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Non-invasive assessment of superficial and deep layer circuits in human motor cortex

Publikation: Bidrag til tidsskriftTidsskriftartikelForskningfagfællebedømt

Key points: The first indirect (I) corticospinal volley from stimulation of the motor cortex consists of two parts: one that originates from infragranular layer 5 and a subsequent part with a delay of 0.6 ms to which supragranular layers contribute. Non-invasive probing of these two parts was performed in humans using a refined electrophysiological method involving transcranial magnetic stimulation and peripheral nerve stimulation. Activity modulation of these two parts during a sensorimotor discrimination task was consistent with previous results in monkeys obtained with laminar recordings.

Abstract: Circuits in superficial and deep layers play distinct roles in cortical computation, but current methods to study them in humans are limited. Here, we developed a novel approach for non-invasive assessment of layer-specific activity in the human motor cortex. We first conducted brain slice and in vivo experiments on monkey motor cortex to investigate the output timing from layer 5 (including corticospinal neurons) following extracellular stimulation. Neuron responses contained cyclical waves. The first wave was composed of two parts: the earliest part originated only from stimulation of layer 5; after 0.6 ms, stimuli to superficial layers 2/3 could also contribute. In healthy humans we then assessed different parts of the first corticospinal volley elicited by transcranial magnetic stimulation (TMS), by interacting TMS with stimulation of the median nerve generating an H-reflex. By adjusting the delay between stimuli, we could assess the earliest volley evoked by TMS, and the part 0.6 ms later. Measurements were made while subjects performed a visuo-motor discrimination task, which has been previously shown in monkey to modulate superficial motor cortical cells selectively depending on task difficulty. We showed a similar selective modulation of the later part of the TMS volley, as expected if this part of the volley is sensitive to superficial cortical excitability. We conclude that it is possible to segregate different cortical circuits which may refer to different motor cortex layers in humans, by exploiting small time differences in the corticospinal volleys evoked by non-invasive stimulation.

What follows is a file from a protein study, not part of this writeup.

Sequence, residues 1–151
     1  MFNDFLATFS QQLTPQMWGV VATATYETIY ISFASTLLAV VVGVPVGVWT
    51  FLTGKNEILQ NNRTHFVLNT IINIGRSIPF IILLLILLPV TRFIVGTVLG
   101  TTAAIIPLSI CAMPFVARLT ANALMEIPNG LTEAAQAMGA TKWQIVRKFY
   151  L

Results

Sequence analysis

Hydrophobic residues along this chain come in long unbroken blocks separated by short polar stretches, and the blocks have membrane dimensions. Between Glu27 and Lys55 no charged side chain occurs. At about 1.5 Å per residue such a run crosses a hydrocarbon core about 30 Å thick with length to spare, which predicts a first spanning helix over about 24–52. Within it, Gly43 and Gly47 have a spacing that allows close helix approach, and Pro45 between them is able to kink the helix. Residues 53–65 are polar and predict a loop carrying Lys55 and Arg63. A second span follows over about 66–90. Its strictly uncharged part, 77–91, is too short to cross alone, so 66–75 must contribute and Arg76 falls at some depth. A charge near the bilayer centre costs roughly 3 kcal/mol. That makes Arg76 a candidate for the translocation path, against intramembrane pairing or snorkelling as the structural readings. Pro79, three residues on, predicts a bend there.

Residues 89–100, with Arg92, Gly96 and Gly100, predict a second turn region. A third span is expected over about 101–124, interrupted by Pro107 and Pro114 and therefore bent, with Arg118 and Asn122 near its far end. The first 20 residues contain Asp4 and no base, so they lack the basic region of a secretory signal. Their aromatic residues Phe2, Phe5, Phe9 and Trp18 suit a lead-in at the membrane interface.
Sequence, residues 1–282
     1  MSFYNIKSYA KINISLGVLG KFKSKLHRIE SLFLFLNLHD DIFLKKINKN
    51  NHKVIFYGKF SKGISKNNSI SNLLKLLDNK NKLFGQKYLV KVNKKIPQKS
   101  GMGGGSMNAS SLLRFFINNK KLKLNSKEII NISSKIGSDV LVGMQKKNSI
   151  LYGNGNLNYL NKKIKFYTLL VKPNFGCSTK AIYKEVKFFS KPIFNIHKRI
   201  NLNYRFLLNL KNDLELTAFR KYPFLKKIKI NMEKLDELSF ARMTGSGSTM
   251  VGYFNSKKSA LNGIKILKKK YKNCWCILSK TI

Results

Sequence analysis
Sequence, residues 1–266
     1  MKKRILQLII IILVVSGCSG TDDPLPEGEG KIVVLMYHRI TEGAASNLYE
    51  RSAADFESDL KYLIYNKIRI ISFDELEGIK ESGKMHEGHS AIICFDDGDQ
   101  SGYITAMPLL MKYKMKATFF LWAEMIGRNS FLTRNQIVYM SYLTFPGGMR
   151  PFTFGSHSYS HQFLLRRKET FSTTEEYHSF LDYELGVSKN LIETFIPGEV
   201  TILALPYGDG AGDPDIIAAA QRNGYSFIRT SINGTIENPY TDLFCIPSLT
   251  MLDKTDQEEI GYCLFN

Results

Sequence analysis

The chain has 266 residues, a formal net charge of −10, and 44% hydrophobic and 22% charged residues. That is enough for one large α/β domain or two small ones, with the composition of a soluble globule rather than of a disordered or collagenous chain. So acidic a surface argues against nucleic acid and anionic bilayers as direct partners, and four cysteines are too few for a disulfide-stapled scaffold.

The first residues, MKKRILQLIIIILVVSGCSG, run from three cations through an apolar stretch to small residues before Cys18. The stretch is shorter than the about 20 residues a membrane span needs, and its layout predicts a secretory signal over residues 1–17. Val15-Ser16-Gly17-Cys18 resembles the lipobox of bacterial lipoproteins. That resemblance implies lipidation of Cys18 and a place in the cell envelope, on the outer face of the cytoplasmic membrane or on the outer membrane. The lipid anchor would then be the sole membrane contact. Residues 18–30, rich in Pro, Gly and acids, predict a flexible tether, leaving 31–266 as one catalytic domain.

OriginalsprogEngelsk
TidsskriftJournal of Physiology
Vol/bind597
Udgave nummer12
Sider (fra-til)2975-2991
Antal sider17
ISSN0022-3751
DOI
StatusUdgivet - 2019
Eksternt udgivetJa

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